Addressing AI Bias – Four Critical Questions
By Hayley Pike
As AI becomes even more integrated into business, so does AI bias.
On February 2, 2023, Microsoft released a statement from Vice Chair & President Brad Smith about responsible AI. In the wake of the newfound influence of ChatGPT and Stable Diffusion, considering the history of racial bias in AI technologies is more important than ever.
The discussion around racial bias in AI has been going on for years, and with it, there have been signs of trouble. Google fired two of its researchers, Dr. Timnit Gebru and Dr. Margaret Mitchell after they published research papers outlining how Google’s language and facial recognition AI were biased against women of color. And speech recognition software from Amazon, Microsoft, Apple, Google, and IBM misidentified speech from Black people at a rate of 35%, compared to 19% of speech from White people.
In more recent news, DEI tech startup Textio analyzed ChatGPT showing how it skewed towards writing job postings for younger, male, White candidates- and the bias increased for prompts for more specific jobs.
If you are working on an AI product or project, you should take steps to address AI bias. Here are four important questions to help make your AI more inclusive:
- Have we incorporated ethical AI assessments into the production workflow from the beginning of the project? Microsoft’s Responsible AI resources include a project assessment guide.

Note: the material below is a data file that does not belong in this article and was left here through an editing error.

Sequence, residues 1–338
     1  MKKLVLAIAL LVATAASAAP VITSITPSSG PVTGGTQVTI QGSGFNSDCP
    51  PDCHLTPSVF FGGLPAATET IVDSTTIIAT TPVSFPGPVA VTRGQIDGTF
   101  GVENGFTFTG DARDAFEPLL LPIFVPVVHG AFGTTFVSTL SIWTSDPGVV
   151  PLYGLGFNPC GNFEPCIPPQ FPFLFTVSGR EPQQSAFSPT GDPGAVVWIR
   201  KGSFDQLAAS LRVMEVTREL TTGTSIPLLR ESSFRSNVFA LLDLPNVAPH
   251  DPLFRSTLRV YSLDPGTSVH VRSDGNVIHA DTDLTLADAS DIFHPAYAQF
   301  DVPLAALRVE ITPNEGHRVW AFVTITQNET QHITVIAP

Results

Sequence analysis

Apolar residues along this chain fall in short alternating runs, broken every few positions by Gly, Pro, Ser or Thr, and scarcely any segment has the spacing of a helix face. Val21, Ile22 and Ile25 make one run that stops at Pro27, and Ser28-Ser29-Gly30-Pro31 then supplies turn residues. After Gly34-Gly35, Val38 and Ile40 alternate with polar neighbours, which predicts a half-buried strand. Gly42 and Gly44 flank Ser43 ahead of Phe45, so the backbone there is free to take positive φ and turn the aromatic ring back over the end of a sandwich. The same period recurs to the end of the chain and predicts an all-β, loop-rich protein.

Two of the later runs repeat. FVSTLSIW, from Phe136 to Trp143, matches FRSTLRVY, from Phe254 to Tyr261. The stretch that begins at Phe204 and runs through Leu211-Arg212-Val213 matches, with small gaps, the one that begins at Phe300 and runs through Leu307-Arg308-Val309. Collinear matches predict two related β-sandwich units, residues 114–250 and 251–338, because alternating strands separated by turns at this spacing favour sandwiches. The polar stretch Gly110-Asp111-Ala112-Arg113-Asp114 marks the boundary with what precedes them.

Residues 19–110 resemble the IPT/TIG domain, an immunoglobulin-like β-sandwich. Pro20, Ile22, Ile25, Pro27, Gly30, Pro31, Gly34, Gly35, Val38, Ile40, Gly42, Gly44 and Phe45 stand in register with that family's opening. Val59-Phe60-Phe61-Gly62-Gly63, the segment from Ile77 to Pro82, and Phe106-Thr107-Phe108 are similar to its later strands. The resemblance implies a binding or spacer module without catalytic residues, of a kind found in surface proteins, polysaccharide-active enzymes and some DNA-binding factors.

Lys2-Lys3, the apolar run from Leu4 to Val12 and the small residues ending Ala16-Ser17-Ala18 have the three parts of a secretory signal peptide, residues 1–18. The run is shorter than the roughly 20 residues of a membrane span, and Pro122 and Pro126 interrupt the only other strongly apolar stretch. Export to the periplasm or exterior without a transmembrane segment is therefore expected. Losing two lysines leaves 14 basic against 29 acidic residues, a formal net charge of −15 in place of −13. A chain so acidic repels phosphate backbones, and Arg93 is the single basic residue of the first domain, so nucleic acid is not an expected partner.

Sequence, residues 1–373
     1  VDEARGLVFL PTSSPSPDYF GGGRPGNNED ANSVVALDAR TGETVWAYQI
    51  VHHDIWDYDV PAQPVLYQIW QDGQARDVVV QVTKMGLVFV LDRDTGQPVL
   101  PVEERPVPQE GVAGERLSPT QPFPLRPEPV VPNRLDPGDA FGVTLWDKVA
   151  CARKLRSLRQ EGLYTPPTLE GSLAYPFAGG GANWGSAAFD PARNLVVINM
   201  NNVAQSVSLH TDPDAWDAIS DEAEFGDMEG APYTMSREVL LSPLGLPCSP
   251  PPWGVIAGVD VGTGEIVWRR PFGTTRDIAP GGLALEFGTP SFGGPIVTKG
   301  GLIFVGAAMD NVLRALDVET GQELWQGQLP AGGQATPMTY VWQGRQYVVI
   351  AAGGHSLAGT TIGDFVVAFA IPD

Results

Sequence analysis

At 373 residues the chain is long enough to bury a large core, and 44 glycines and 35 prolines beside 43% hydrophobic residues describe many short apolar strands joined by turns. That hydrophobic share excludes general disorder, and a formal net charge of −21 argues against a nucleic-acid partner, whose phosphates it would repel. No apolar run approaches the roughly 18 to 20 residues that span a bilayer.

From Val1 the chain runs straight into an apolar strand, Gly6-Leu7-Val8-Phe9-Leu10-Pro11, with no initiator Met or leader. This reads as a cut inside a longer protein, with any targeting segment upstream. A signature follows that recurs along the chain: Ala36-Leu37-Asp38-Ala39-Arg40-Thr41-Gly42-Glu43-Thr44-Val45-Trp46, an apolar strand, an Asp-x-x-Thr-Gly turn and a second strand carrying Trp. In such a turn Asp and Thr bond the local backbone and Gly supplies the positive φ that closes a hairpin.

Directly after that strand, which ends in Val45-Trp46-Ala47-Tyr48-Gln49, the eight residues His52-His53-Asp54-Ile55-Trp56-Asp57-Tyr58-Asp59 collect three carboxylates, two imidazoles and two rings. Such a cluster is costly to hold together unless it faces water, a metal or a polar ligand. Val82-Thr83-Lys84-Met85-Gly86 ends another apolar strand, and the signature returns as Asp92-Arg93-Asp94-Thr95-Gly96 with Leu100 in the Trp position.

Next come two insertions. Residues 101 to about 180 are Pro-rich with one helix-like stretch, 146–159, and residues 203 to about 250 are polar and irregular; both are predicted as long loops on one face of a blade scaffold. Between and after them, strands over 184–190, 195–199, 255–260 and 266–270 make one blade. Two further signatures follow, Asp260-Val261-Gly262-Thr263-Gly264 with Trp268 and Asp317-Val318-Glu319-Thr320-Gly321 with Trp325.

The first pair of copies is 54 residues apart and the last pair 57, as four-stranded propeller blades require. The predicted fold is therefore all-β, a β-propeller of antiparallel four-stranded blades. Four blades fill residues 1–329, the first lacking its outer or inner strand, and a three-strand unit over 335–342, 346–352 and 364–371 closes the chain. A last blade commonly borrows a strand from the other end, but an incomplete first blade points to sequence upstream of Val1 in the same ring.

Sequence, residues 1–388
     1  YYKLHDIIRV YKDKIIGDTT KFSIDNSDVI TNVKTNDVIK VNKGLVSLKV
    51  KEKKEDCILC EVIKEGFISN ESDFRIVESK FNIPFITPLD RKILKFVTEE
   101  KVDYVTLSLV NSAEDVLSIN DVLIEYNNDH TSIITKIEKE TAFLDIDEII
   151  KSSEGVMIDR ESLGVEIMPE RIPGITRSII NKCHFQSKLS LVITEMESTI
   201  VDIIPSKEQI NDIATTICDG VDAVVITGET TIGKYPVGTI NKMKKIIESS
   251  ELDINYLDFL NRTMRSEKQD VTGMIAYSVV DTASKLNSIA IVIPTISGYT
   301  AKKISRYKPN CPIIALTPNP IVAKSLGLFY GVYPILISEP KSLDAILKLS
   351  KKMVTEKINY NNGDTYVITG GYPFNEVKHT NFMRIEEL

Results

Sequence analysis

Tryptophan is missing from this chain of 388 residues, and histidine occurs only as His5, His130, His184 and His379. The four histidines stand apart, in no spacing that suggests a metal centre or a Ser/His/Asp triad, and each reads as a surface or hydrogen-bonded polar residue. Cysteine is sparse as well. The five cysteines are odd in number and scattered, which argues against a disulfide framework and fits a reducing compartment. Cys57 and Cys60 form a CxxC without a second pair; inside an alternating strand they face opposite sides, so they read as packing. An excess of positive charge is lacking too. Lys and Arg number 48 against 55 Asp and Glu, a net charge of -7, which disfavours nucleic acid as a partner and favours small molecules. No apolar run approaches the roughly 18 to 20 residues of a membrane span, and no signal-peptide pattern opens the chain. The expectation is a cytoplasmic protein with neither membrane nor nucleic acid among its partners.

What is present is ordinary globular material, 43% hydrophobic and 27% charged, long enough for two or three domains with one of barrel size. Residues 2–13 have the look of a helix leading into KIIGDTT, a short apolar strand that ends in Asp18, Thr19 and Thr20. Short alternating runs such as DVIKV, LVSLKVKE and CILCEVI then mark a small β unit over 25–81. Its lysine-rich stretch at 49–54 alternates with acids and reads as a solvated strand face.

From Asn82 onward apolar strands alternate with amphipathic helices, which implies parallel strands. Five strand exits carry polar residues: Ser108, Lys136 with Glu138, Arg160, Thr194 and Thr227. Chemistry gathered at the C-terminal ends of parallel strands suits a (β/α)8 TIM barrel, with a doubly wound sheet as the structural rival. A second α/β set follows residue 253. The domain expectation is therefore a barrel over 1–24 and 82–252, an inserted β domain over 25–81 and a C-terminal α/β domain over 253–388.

- Are we ready to disclose our data source strengths and limitations? Artificial intelligence is as biased as the data sources it draws from. The project should disclose who the data is prioritizing and who it is excluding.
- Is our AI production team diverse? How have you accounted for the perspectives of people who will use your AI product that are not represented in the project team or tech industry?
- Have we listened to diverse AI experts? Dr. Joy Buolamwini and Dr. Inioluwa Deborah Raji, currently at the MIT Media Lab, are two black female researchers who are pioneers in the field of racial bias in AI.
Rediet Adebe is a computer scientist and co-founder of Black in AI. Adebe sums it up like this:
“AI research must also acknowledge that the problems we would like to solve are not purely technical, but rather interact with a complex world full of structural challenges and inequalities. It is therefore crucial that AI researchers collaborate closely with individuals who possess diverse training and domain expertise.”
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